Dear Parents and Guardians,
The calendar year is 2020 is coming to an end and I often contact or am contacted by old friends in the United Kingdom. Recently a friend who is not a teacher, in fact, he is an engineer and has two children. We caught up WhatsApp with our news and stories.
I mentioned that I was working with the IB Primary Years project, IB Middle Years Project, and the IB Diploma Programme.
He said that the Diploma Programme is great and he wanted his children to attend an IB school when they are 16. He then said the Primary Years Programme was just about letting children play and he did not like it. I was surprised by his comment and I explained to him what it was through a conversation to give the idea about what the PYP actually is.
I decided to use some of those comments I sent him in this newsletter just in case you meet people who think the PYP is just about children playing and doing projects.
Firstly, play is important to very young children in a Kindergarten. Children see play as work and they are often busy doing things which we see as play, but they are in fact experimenting and discovering. The role of the teacher for these very young children is to question and guide and become involved with children’s play to ask them questions and make children inquire further and learn the basics. This is done by creating a series of resources that children can get involved. Teachers can develop children’s those skills through questioning and suggesting. So my friend was right that children play but that is in Kindergarten and we know the role of the teacher is central in developing play opportunities to develop thinking for that age group.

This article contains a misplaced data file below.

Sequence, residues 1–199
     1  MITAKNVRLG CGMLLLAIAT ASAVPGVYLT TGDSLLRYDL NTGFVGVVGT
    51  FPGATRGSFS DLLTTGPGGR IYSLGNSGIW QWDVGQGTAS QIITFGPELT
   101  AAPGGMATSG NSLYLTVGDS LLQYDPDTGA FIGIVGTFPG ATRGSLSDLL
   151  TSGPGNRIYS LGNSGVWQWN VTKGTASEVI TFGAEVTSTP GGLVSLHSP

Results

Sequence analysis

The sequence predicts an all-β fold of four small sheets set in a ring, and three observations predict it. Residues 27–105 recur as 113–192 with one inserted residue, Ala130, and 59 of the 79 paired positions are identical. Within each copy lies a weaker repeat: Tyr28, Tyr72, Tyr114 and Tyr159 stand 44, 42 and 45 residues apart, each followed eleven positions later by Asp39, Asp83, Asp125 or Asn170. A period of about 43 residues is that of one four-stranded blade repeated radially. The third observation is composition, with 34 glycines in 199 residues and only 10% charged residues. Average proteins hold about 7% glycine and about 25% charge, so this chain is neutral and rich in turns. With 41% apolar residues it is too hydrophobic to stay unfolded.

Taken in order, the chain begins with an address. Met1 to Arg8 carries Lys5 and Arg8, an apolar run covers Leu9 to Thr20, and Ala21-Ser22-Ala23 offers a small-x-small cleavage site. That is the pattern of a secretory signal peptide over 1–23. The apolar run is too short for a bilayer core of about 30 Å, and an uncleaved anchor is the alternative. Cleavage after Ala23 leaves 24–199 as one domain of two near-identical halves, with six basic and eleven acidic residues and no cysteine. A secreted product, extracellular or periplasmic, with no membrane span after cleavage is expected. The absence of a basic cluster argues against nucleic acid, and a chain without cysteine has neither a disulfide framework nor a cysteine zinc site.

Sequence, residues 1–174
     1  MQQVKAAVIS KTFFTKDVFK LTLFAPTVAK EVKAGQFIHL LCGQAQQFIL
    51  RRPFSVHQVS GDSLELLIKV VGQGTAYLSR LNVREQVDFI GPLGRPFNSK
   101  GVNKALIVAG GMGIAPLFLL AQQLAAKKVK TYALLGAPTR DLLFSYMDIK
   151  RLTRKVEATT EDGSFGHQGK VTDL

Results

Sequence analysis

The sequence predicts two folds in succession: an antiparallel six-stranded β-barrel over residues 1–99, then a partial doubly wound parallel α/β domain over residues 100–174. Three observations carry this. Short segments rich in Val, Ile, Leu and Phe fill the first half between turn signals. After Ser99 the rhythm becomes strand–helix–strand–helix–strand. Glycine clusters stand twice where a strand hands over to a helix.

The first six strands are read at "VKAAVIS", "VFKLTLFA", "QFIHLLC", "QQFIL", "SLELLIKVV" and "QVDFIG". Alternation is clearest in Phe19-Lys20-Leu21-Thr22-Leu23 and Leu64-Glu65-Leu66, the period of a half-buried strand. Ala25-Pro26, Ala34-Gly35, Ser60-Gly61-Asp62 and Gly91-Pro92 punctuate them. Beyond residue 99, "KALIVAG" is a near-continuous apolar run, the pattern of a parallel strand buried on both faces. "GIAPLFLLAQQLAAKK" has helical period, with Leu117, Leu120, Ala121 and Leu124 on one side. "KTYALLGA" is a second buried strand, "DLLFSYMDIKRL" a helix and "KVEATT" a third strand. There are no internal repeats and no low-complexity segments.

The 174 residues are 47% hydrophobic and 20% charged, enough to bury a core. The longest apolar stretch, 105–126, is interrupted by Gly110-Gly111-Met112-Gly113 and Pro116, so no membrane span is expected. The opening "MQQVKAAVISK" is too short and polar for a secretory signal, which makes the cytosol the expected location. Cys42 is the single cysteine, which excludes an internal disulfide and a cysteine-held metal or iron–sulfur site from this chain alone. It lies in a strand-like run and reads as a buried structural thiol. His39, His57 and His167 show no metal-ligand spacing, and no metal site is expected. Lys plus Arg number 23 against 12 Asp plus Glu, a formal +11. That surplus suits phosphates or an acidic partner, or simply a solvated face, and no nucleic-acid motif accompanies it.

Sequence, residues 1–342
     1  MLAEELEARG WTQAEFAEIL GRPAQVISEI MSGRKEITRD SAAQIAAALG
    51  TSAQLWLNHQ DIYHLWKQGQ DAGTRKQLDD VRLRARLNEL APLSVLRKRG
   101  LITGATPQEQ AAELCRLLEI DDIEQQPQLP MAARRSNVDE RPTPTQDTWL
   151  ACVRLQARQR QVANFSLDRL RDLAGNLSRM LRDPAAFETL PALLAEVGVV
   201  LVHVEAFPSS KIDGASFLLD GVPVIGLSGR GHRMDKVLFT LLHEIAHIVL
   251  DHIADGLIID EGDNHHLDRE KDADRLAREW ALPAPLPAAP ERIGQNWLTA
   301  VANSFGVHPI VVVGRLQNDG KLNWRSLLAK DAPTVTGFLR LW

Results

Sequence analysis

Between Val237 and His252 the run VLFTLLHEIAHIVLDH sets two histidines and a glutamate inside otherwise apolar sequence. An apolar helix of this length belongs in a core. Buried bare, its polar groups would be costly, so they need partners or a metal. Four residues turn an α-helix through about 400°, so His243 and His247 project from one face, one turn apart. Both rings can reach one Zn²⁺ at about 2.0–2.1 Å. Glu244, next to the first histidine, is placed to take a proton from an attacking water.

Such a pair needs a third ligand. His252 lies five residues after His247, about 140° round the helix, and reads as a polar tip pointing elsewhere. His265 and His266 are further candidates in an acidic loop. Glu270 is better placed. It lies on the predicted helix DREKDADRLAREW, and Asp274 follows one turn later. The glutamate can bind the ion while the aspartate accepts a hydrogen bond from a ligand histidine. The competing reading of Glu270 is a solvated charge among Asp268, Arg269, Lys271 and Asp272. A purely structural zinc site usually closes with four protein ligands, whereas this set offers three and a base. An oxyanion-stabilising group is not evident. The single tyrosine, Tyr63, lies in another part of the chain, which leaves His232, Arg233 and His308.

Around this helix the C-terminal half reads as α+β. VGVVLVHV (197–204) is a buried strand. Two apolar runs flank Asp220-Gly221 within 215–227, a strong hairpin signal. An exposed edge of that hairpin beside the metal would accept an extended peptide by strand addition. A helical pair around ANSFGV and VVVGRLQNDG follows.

My friend was totally wrong about the PYP for grades 1 to 5. Students are not playing. There is a mixture of standalone lessons where children learn those skills that we do not automatically get. Children learn to speak when interacting with others. However, they do not learn to write or develop a language without specific help with phonics and writing. Maths skills are needed so children develop the skills of basic number and then are taught how to manipulate those numbers through to using basic algebra.
This is not project work, but extended guided inquiry led by the teacher asking and leading students to know more about the concepts they are studying through a Unit of Inquiry.
My last point for my engineer friend was that the PYP starts the development of problem-solving and is not just a body of knowledge that children have to learn and memorise and be tested on. It is in the application and inquiry that children get to ask and find out more that makes the PYP.
The conversation with my friends came to an end when he said that’s is what I do in my job as an engineer with my workers. We do know things he said but so much of the time we have to apply what we know and see if we can find an answer. That’s very PYP I said. He agreed.
Director of Studies